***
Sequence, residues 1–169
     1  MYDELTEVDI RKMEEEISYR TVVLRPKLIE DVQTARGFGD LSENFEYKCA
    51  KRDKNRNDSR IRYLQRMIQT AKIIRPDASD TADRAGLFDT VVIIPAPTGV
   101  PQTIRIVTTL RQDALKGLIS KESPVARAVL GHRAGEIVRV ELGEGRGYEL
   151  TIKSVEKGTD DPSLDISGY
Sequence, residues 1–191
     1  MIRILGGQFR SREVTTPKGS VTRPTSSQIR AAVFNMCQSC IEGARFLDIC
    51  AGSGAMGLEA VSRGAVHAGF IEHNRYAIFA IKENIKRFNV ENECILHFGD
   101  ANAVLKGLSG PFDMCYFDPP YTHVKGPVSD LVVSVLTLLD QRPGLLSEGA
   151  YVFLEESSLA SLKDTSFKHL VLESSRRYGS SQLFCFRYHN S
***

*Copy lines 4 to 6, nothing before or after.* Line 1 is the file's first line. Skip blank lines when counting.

   101  PQTIRIVTTL RQDALKGLIS KESPVARAVL GHRAGEIVRV ELGEGRGYEL
   151  TIKSVEKGTD DPSLDISGY
Sequence, residues 1–191